Drinking Alcohol taught me how to fly
Then it took away the sky....

Saturday, January 29, 2011


Tonight I went to a 'Speaker' meeting.
This is a true account of that meeting.
I left out loads of good stuff, too hot to publish here

The speaker's eyes sparkled,
her smile forced response
and she teared only a tad.
During the girl's talk a love-scent exuded from her very pores.
Its transpiration invaded the room like a moving, billowing cloud.

By the end of the meeting, 
love filled every space in that place

She told of her first pre-kindergarten feelings of inadequacy.
Always alone, playmates ignored, even at age 4.
She was considered 'dumb' because she did not like to read
those "stupid story books with stupid pictures."

Next she spoke of her disease, alcoholism:
(Hey, I'll let her tell her OWN story!)   

"I was never a 'part of' anything.
OK, yes, I was Captain of soccer team,
Captain of Cheer-leading squad
But THEY were over there.
And I, over here, was alone.

I felt never EVER 'good enough' never 'accepted'
as if people purposely kept me 'out of' the group,
sort of like ostracized.

My first alcoholic drink consisted of several glassfuls
of vodka-plus-orange juice, and produced a total blackout.
Vomit was all over my pajamas and my bed...and the floor.
I don't remember a thing, except I wanted to do it again!
From that time on, I only drank to get drunk.

I puked a lot during my teens, and I did everything
which a 'nice' girl would not, could not do.

I was the best dancer (kept falling down),
best daughter (my parents never even guessed)
best lover ( all were disasters),
best dresser (I did not dress-to-kill...I dressed to get messed),
best student (I could not read--so failed most everything).

Alcohol made me 'feel good'.
When not drinking, I was restless, irritable and discontented.
Just a few drinks, and I experienced again
that so-desired sense of ease and comfort

My craved-for feelings
of being prettier, thinner, better dressed, smarter, 'cool'...
Increased my physical craving for alcohol.

The 'mental' part--the obsession--well, I ALWAYS had to have more. 

Finally I got into the habit of driving drunk and often wondered,
"How did I get home last night?"

One time I was moving away from the home of my first husband
(I always called him a 'schmuck' because he WAS!) and I woke up thinking that I had all this packing to do.

The house was full of boxes carefully labeled "Dishes", "Linens", "computer", etc. Somehow, in a blackout, I had done the best ever prep job for moving.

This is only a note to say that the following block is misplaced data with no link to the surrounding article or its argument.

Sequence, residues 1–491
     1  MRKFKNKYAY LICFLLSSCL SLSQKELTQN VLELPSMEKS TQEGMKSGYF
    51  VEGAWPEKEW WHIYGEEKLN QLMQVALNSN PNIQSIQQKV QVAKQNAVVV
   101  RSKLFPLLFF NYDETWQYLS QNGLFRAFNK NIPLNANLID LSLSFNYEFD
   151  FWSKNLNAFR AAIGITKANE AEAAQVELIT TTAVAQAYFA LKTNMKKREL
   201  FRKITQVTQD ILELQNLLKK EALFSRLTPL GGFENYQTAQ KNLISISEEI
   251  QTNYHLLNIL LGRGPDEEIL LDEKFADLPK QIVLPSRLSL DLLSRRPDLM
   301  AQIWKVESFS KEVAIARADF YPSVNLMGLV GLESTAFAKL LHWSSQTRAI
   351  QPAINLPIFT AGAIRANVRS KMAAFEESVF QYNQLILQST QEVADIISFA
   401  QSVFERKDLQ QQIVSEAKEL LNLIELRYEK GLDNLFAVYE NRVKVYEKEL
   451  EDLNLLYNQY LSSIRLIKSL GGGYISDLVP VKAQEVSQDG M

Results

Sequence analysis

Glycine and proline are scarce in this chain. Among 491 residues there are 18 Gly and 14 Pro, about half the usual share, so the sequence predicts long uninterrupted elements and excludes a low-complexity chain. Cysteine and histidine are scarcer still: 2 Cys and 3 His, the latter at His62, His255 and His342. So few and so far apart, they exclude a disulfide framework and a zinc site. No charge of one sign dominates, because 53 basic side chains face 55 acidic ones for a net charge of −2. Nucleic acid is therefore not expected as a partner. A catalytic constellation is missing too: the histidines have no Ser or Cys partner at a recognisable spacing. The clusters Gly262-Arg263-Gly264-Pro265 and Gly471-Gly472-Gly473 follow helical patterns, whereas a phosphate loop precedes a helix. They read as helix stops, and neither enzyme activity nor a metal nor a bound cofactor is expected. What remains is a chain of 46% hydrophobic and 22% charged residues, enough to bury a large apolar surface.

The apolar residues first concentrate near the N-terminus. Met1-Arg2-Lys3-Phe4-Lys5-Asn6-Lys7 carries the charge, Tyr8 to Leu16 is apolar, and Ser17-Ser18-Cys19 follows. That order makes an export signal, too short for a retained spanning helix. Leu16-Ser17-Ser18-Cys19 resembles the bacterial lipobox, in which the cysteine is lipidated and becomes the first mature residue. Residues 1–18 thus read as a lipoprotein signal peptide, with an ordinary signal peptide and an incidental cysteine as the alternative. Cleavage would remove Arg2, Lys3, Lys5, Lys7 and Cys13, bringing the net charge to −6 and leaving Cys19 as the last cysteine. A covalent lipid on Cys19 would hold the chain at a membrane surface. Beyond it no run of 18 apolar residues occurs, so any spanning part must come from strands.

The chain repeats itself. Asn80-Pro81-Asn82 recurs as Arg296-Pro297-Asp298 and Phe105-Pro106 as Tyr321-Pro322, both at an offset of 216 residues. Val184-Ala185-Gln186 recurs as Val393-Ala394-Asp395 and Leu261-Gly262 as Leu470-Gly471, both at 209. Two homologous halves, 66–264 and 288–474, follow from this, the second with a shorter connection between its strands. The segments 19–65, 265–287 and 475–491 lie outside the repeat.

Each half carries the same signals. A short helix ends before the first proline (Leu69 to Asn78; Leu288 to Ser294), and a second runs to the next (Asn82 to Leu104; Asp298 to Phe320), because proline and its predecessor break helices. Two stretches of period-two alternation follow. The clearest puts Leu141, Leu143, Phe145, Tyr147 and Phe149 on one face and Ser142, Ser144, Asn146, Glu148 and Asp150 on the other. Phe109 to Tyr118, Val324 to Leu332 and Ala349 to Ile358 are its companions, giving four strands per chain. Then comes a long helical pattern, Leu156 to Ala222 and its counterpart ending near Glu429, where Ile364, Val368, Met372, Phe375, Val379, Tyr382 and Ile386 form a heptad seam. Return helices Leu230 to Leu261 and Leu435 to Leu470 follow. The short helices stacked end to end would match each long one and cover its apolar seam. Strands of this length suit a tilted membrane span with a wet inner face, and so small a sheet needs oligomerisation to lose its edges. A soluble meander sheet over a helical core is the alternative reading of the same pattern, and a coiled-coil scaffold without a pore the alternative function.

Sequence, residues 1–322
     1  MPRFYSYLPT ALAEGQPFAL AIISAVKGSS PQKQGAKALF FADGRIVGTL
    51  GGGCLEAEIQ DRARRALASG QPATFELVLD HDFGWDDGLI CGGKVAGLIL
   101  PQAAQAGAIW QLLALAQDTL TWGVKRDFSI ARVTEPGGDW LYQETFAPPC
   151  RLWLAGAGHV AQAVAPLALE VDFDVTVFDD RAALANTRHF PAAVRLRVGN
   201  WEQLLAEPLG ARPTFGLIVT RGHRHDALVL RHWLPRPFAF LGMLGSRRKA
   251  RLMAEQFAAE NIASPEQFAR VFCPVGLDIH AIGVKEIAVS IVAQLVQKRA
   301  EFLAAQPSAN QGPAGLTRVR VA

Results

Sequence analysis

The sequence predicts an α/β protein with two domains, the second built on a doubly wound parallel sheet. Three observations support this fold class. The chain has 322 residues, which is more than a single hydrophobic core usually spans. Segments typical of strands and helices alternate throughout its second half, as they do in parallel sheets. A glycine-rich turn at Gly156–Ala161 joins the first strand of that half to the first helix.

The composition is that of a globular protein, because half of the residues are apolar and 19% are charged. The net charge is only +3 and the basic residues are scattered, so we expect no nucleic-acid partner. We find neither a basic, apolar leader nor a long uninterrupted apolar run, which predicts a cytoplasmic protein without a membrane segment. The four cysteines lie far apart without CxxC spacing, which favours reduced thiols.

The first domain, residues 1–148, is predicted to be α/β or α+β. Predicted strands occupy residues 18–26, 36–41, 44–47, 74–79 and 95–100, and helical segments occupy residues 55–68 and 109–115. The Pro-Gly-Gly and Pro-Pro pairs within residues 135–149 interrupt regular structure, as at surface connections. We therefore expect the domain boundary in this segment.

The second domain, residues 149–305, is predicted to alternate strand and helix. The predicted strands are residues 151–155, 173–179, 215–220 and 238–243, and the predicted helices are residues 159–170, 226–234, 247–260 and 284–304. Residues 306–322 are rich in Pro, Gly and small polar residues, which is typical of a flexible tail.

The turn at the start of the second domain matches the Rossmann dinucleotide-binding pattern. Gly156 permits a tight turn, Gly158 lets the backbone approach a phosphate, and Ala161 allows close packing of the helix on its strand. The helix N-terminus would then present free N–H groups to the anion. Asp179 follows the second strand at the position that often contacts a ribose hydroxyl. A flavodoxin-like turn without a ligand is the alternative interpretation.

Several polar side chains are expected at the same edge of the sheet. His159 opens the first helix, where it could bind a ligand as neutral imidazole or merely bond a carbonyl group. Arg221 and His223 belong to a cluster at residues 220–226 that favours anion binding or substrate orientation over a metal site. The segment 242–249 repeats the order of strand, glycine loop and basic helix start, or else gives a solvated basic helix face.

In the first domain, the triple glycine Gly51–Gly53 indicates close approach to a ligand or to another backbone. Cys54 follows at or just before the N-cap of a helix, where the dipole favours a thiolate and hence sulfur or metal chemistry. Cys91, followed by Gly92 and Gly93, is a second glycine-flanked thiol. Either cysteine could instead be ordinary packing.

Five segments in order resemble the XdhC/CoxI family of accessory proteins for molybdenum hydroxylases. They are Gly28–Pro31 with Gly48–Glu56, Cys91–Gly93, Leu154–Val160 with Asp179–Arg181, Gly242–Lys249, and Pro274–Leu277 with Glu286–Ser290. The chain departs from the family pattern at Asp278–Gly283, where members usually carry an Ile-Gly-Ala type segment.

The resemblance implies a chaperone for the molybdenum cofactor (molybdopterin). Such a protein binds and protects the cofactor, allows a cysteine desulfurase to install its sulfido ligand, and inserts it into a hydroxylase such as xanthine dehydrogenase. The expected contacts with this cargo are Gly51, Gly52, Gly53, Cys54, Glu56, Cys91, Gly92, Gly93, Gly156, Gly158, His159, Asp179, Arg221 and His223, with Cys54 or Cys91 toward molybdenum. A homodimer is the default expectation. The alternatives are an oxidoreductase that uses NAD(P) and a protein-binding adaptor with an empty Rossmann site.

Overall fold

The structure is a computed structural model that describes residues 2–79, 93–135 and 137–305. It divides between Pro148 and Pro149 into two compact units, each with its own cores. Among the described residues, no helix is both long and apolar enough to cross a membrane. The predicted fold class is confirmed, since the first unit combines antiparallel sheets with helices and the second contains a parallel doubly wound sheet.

Arrested and jailed for drunk driving--third time--was the catalyst for bringing me into the rooms of Alcoholics Anonymous. The AA program, the support, the meetings, the 'coffee-and-breakfast' after meetings...all have saved my life. 

I am working hard, our Twelve Steps. Go to a meeting almost every day, talk with my sponsor a lot! I am now age 27, been sober almost 3 years, and have nothing but LOVE for you people, and AA.

And I am learning to READ!!!
Also I love SO much my fiancee sitting here in the front row, I would never have met him, never could have been so happy, so free as now, were it not for that last DUI which sent me here. Thank you, all you people for being here tonight!"


As this meeting ended, an understanding
love filled every space in that place.
--Steve E


  1. chilling, as i know exactly those feelings of inadequacy and aloneness she described, terrifying, because drinking to get drunk was the only way to drink, and heart-warming, that despite all that, it does not have to end that way...

  2. How the waterfall has changed! perceptions and priorities rearranged; going in a more orderly direction...The glass is splashing over- Thanks.

  3. tears. i understand were she came from...

  4. oh wow - glad she got out of all this and found something worthwhile to live for
    thanks for sharing this steve

  5. I relate to it all, both the before & after, but especially the love

  6. JEREMY!
    Yep. Especially the love...it IS everywhere, just be ready to 'give'. Thanks for comment.

    I am SO glad you read this Claudia--it was not 'short', and thanks for dropping in, you "poet-of-poets"! (NOT grinning!)

    Yep, we DO understand--maybe 'identify'?

    "The glass is splashing over"! There is plenty for everyone, right?

    Dear, there is always the 'optional' ending-grin

    NOTE: In four months it will be 3 years since YOU were the first to comment on my (UGH!) new blog with pleasant, supportive words. We sure get to know lots about one another in that time of reading their "stuff". I LOVE it, girl!